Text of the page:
The Five-storied Pagoda, built in 1407, enshrined Yakushi Nyorai Zazo, the Buddha of Medicine, as well as Fugen Bosatsu (Mercy Buddha) and Monju Bosatsu (Wisdom Buddha).

Yakushi Nyorai Zazo, the Buddha of Medicine, is said to have been made by Kūkai, also known posthumously as Kōbō-Daishi, 774–835.  He was a Japanese Buddhist monk, civil servant, scholar, poet, and artist who founded the Shingon or “True Word” school of Buddhism (Wikipedia: Kūkai).

upstairs to the Five-Storied Pagoda

From the hilltop where the Five-storied Pagoda sits, I can see the mainland and the town of Hatsukaichi.

view from Senjokaku pavilion

Senjokaku (literally “Pavilion of 1000 mats”), also called Toyokuni Shrine, is the largest structure at Miyajima Island. It’s basically an open-air hall that has ancient paintings hanging from its rafters.  Today many Japanese folks find respite from the searing sun on the pavilion’s cool and smooth floors.

Toyotomi Hideyoshi, a preeminent daimyō (powerful feudal lord), warrior, general, samurai, and politician of the Sengoku period, started construction of Senjokaku as a Buddhist library where people could chant Senbu-kyo sutras for fallen soldiers.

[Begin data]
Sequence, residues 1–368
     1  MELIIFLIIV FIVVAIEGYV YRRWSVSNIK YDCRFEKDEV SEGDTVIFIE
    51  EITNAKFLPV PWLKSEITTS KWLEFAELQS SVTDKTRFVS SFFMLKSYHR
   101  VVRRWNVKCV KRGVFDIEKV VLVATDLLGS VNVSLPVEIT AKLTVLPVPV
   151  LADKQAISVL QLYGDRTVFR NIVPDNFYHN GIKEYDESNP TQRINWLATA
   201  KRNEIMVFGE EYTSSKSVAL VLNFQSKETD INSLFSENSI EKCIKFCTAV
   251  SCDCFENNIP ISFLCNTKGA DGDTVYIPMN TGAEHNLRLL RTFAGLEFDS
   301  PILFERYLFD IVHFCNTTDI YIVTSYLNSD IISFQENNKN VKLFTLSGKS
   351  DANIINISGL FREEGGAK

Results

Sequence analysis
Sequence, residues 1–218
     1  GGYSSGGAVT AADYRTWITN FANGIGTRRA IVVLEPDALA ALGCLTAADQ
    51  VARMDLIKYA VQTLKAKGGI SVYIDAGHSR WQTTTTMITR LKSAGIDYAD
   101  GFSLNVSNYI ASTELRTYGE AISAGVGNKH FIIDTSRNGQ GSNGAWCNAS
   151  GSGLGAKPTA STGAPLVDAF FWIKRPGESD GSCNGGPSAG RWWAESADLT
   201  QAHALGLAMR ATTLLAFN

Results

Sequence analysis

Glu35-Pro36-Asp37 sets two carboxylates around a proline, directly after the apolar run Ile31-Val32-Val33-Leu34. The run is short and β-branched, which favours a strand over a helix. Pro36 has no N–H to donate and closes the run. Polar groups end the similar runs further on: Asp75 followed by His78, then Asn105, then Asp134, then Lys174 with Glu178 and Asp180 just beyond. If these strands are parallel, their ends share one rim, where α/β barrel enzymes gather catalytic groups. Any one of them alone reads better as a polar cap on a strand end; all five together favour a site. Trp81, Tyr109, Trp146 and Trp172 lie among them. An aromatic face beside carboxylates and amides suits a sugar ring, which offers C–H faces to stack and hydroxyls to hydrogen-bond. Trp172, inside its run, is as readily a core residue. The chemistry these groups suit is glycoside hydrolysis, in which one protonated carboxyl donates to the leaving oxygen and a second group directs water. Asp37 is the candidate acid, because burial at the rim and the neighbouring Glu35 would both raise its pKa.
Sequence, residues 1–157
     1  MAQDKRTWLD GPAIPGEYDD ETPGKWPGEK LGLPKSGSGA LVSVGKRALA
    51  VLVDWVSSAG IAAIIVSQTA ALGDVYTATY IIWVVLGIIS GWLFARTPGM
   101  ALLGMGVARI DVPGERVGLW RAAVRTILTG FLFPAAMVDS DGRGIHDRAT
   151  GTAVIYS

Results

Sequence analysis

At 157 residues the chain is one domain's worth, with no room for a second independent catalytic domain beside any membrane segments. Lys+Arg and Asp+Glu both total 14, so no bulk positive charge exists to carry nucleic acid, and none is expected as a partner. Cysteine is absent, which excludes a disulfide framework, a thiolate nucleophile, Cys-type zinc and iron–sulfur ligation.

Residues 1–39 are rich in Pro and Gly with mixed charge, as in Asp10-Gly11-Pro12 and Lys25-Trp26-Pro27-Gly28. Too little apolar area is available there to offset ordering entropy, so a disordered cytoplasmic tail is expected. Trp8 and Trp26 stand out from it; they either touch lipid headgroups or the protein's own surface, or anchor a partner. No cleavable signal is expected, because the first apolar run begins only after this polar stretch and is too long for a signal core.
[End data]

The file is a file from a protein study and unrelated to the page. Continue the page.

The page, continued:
Hideyoshi is regarded as Japan’s second “great unifier,” bringing an end to the Warring States period (c. 1467 – c. 1603).  He died in 1598 and the building was never fully completed. Originally, Amida Buddha and two subordinate Buddhist saints, Anan and Kasho-sonja, were enshrined in the structure until the Meiji reformation, when the structure was converted into a Shinto shrine dedicated to Toyotomi Hideyoshi.

Senjo-kaku pavilion

Five-Storied Pagoda

From the hilltop, I can see some of Miyajima’s many shrines, most notably Itsukushima Shrine, home of the floating torii.

view from paintings at Senjokaku pavilion

Numerous votive picture tablets that had been hanging in the Itsukushima Shrine buildings until the Meiji era hang today on the walls inside Senjokaku.

paintings at Senjokaku pavilion

paintings at Senjokaku pavilion

Senjokaku pavilion

I love the airy feel of Senjokaku pavilion. I wander around here for some time, enjoying the shaded area with a bit of a breeze whispering through.  The multitudes of ancient paintings create an atmosphere heavy with history.

Senjokaku pavilion

Five-Storied Pagoda

Finally, I leave the pavilion and head downhill in search of the famous O-torii Gate.  On the way, I pass more friendly deer. It’s only 2:14, so the tide won’t be high enough yet to make the torii gate picturesque.

deer in Miyajima

I continue on to the beach, where I find people wading out in the water around the O-torii Gate.  At least it’s not sitting in mud at this point!